Parts of Europe recently suffered extreme weather, resulting in flooding. This affected the agricultural sector. Vegebe, the Belgian vegetable processors federation, is very concerned. "It's hard to estimate how many hectares of vegetables were lost. But the damage is considerable. Peas, broad beans, and green beans have been particularly hard hit," says Christophe Vermeulen, Vegebe's acting secretary.
The storms in the east and south-east of Belgium have affected vegetable sowing and harvesting. "It rained heavily - up to 200 liters per m2. So, entire plots were washed away. Others, like those growing peas, were so wet, they're impossible to harvest. These plots are also lost."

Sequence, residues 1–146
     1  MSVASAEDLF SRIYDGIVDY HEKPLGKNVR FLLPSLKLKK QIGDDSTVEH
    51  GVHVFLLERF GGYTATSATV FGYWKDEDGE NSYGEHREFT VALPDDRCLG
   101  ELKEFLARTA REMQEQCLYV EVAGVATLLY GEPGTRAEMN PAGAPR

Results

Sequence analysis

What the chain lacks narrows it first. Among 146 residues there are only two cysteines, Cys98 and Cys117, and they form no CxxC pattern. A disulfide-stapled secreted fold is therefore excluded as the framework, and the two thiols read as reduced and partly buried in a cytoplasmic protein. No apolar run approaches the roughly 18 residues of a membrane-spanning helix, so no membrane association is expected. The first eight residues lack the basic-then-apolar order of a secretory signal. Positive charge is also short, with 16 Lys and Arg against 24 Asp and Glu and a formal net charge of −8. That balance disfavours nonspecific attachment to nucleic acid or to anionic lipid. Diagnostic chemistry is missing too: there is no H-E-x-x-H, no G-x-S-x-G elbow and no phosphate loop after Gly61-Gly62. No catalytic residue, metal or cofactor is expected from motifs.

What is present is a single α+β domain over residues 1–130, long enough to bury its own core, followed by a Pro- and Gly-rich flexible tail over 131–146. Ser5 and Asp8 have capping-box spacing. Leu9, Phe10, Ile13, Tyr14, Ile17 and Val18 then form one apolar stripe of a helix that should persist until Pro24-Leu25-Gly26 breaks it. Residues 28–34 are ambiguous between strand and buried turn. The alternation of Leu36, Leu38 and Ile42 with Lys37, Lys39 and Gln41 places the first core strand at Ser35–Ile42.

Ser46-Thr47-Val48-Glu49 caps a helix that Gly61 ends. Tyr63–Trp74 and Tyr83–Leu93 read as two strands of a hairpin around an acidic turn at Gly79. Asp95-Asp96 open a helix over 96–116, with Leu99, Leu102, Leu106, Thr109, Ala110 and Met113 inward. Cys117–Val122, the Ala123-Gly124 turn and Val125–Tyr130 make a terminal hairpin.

The sector is already facing a combination of negative factors. Last spring was very wet. The bean sowing schedule, therefore, had to be adjusted. Sowing was considerably delayed. So, there are fears of lower yields for what went into the ground late. Seed disinfection and crop protection agents have also been banned. That will also seriously impact crops and yields.
“We'll be following the situation closely. And we'll map put how much of the harvest has been lost. However, for some regions, it's already clear that things are looking anything but good," Christophe concludes.